These two attributes don’t usually play a prominent role in the average user’s experience with a website, but they’re still important and shouldn’t be overlooked. There are also some small SEO benefits that can be gained from using them.
The ALT attribute is used when coding an image onto a page; think of it as some alternate text that appears should an image not load on a page. This attribute is important from an accessibility perspective because the screen readers used by blind people won’t show them what the image is, but if there is some descriptive text in the ALT attribute, they will pick up on that.
From an SEO perspective, the ALT attribute is another opportunity to get some code onto your page that the search engines will be able to read. Making it as relevant as possible to what the page is about can help contribute to stronger search engine rankings.
The TITLE attribute is usually used on links, and is often one of the small touches that a great website has. You’ve all seen the TITLE attribute in action even if you don’t realize what it is; if you hover over a link and a little tool tip appears, that’s the TITLE attribute in action.
From an SEO perspective, it’s again all about relevance, so be sure that what you’re putting in the TITLE attribute relates to where the link takes someone. Doing so will also help from a usability standpoint, which is just another added bonus.
Contained within the header of every page’s source code are what are called META tags. They are invisible to a website’s visitors, but are there because search engine spiders read them.
The two META tags that you need to concern yourself with the most when it comes to SEO are the description and keyword tags.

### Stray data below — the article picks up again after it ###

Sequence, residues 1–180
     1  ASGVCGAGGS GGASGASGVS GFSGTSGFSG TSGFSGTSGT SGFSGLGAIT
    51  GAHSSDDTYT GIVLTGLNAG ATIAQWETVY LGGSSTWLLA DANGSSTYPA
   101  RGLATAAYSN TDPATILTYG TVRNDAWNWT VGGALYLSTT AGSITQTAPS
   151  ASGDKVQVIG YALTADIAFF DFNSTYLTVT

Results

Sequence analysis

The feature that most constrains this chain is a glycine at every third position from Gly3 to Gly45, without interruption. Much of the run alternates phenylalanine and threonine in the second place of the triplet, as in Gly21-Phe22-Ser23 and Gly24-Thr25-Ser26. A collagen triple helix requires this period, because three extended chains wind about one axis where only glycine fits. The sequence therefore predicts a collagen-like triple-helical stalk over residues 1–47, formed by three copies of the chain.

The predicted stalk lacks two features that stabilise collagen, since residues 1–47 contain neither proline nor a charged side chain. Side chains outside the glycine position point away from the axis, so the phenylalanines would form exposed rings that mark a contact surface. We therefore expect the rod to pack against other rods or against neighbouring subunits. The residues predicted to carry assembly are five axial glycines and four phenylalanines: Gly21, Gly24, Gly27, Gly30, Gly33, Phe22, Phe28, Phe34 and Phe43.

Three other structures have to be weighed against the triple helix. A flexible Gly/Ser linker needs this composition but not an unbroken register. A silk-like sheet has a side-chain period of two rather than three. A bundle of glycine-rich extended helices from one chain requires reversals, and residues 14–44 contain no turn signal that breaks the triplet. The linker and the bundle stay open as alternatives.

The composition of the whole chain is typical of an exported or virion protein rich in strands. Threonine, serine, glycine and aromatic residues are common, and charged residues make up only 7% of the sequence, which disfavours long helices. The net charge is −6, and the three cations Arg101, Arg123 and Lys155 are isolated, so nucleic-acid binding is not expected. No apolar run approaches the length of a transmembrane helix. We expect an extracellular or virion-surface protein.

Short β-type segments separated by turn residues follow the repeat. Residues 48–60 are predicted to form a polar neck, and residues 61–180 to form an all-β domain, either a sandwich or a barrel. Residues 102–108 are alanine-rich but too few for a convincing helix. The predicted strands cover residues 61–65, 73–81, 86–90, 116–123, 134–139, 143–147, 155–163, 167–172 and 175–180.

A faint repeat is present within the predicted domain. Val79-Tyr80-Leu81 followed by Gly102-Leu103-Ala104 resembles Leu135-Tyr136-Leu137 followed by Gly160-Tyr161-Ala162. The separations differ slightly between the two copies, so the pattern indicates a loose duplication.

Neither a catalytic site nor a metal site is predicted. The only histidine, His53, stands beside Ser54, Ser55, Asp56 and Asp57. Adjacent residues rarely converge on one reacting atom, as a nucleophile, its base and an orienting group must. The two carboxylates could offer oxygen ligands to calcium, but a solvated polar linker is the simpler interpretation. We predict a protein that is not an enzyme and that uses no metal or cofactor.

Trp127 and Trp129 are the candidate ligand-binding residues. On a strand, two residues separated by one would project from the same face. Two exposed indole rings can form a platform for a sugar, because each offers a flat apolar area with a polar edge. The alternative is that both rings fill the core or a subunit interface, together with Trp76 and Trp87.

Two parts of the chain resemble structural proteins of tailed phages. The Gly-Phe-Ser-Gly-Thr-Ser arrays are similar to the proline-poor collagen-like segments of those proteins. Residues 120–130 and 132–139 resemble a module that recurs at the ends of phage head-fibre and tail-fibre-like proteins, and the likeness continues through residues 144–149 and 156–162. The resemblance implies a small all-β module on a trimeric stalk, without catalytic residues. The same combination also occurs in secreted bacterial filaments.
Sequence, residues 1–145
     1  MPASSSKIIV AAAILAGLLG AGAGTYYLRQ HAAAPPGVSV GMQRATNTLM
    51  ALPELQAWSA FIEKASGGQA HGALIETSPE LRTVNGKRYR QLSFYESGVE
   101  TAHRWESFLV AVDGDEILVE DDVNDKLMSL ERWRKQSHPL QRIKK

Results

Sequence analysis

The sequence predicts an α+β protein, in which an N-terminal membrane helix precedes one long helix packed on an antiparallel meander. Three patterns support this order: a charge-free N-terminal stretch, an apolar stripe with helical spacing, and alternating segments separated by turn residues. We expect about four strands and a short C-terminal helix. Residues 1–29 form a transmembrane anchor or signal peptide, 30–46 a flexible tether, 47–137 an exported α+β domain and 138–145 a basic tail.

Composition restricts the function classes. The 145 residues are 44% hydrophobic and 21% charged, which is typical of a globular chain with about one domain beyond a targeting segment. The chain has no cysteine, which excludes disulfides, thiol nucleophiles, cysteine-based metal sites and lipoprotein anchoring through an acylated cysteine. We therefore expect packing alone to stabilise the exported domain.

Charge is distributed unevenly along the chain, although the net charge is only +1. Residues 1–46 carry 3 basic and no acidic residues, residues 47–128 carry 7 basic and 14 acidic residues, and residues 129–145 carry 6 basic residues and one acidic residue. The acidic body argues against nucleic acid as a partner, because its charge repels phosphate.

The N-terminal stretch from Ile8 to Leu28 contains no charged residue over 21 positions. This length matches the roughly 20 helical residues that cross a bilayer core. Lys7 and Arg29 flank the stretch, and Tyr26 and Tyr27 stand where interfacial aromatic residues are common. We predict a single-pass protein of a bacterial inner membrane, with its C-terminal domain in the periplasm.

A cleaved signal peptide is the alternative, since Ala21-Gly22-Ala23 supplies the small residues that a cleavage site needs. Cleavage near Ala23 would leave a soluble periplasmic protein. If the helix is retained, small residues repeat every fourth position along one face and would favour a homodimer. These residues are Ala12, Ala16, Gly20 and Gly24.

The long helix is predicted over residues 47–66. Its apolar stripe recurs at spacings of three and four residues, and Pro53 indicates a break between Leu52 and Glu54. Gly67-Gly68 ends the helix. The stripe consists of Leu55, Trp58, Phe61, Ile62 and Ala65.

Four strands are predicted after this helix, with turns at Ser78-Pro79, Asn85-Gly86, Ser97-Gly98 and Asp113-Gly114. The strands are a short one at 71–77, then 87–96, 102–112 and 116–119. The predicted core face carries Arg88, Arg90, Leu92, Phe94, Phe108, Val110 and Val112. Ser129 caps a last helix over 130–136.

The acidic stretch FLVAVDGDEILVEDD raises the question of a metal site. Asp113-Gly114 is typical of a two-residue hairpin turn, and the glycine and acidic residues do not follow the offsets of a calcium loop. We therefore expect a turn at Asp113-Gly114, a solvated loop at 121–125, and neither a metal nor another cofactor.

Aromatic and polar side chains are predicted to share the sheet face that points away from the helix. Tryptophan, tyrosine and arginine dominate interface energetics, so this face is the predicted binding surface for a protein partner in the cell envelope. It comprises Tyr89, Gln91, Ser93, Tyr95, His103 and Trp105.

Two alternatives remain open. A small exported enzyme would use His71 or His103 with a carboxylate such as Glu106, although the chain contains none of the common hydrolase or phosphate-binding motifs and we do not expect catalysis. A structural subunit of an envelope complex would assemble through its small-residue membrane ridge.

Want to know the most important aspect of SEO on a website? It’s the content. It always has been, and it always will be. You could use all of the tips mentioned above, but unless they are all relevant to the content on the page, then you’re just wasting time.
Yes, it’s true that most people will not read your content – but that doesn’t mean you should ignore it, because the search engine crawlers do read it and weigh it highly in their algorithms. The tricky part is that you also can’t write content that is entirely for the search engines, because real people need to read it and make a connection to it. There needs to be a balance between the two.
Here are some tips to help you write SEO-friendly content:
SEO-practitioners often forget that the search engines are not the end unto themselves – they are only a tool that real people use to help them find what they’re looking for. So even if they can get the search engines to think that a page is great, it’s only as great as its ability to either keep people on the website, or to get them to make a purchase or complete a transaction of some sorts.
And in an interesting twist, yet another thing that the search engines factor into their algorithms is how quickly someone leaves your website from the search engine results that brought them there. This is just further proof that SEO can be summed up in one word, which I’ve already used repeatedly: relevance.
These are some of the simpler steps that you can easily incorporate on your website. There are a lot more out there, so fill out the comment form below to share your best SEO tips, tricks, and tools with everyone!
Please only share SEO techniques that are considered “white hat” or ethical – no “black hat” or unethical tactics that can backfire and get you banned from the search engines. Thanks!